LEMON: Yes, and I was watching them when they were laughing, I said, finally they're laughing, you know, they're being sort of comrades because they know at the end of the day, one of them is going to be president and they're going to have to accept it.

DERSHOWITZ: But then he says this thing about that tonight she's pretending not to hate Catholics, that wasn't funny at all. And remember, he has a Catholic running mate -- that she has a Catholic running mate that Trump has been attacking Mexicans, Americans and Mexicans, most of them were Catholics.

It just was a wrong tone for this kind of an event and it brought out the worst in him and I think he got appropriately booed for it.

LEMON: Last word, David Gergen.

GERGEN: Perhaps I'm just showing my biases but, look, I thought there was a real difference. I did not think there was equivalence between the two of them.


GERGEN: Donald Trump was booed for the first time I think in anybody's memory at one of these dinners because of the kind of harshness of his jokes.

LEMON: That we can remember. It could have happened before. GERGEN: Yes. No one who have talked to so far for the last 15 years

doesn't remember booing. But he came in and he didn't seem to know the difference between being light-hearted and being heavy handed.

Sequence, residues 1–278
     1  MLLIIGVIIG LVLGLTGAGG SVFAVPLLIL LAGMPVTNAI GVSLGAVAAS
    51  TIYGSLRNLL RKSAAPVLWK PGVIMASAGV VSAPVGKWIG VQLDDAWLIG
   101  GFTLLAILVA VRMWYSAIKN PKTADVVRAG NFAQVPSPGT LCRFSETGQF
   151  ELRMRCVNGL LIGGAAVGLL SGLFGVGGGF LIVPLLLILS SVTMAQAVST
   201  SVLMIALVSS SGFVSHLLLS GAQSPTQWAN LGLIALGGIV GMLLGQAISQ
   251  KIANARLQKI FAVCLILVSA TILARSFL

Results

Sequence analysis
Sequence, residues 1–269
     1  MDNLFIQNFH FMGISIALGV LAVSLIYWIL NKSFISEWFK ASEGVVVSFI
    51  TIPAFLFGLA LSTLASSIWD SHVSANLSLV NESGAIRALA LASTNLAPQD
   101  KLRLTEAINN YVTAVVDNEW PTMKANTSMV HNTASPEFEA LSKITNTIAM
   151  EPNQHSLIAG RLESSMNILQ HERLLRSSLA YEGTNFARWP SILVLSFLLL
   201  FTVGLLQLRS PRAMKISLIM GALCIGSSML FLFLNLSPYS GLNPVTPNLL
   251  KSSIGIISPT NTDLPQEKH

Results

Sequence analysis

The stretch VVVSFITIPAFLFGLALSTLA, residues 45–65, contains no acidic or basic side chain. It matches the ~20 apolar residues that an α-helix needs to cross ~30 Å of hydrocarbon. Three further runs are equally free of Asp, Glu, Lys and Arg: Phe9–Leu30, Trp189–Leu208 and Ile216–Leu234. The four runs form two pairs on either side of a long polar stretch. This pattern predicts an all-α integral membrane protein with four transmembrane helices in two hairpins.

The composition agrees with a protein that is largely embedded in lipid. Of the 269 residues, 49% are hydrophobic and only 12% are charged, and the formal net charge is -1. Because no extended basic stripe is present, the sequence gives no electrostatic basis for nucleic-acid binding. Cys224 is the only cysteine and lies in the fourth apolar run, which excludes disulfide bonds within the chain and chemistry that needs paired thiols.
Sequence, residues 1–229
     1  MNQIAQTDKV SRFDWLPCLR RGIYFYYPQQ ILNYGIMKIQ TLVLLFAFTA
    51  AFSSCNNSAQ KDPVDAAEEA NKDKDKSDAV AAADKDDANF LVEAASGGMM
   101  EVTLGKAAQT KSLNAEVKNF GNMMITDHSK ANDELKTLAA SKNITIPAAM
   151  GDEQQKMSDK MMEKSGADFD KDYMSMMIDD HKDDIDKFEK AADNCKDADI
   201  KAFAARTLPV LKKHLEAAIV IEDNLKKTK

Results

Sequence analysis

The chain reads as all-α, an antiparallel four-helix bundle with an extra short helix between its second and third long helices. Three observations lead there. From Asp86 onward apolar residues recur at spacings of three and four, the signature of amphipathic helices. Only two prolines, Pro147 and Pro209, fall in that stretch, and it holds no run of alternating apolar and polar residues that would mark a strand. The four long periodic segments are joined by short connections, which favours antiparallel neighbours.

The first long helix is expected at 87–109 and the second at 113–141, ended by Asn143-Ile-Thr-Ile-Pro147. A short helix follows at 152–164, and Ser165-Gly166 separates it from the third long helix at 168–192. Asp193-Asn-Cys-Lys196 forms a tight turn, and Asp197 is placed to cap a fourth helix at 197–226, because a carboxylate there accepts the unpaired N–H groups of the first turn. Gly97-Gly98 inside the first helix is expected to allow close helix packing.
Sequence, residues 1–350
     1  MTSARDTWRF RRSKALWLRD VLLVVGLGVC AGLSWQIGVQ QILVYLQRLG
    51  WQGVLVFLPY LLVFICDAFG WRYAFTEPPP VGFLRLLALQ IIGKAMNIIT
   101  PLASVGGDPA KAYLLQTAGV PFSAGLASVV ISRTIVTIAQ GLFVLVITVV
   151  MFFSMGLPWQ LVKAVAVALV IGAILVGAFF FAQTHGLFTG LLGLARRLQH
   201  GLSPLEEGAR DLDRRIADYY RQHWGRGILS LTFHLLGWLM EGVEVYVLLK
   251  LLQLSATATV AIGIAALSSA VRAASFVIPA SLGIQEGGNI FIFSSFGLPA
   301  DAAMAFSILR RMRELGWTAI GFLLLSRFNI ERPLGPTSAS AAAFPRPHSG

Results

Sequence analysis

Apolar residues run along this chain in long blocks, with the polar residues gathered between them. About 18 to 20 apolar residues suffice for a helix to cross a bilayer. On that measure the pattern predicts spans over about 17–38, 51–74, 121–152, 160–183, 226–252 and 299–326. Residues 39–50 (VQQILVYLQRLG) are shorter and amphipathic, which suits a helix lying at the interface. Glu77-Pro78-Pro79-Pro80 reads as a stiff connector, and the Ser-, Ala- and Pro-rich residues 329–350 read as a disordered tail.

[22:45:01] And he kept being heavy handed and I think that it was like we're continuing in the spirit of the debate last night as opposed to coming into a different event.

I thought she was much more traditional. Some of her jokes didn't work very well, they were flat. But I thought she was at least more appealing.

But one of the reason why this matter is, these events give you an insight into the character and the personality of the person who may be president and that's really, really important.

Humor is a really important part of leadership. If you can do it well as Kennedy did, as Reagan did, and indeed most importantly that Lincoln did, I think it makes a big difference in your capacity.

LEMON: I'm glad you're being honest, especially when you're talking about the false equivalency. Because at state, you know, Donald Trump did really poorly with the jokes tonight you have to point that out -- and I think -- I thought she was funnier than he was.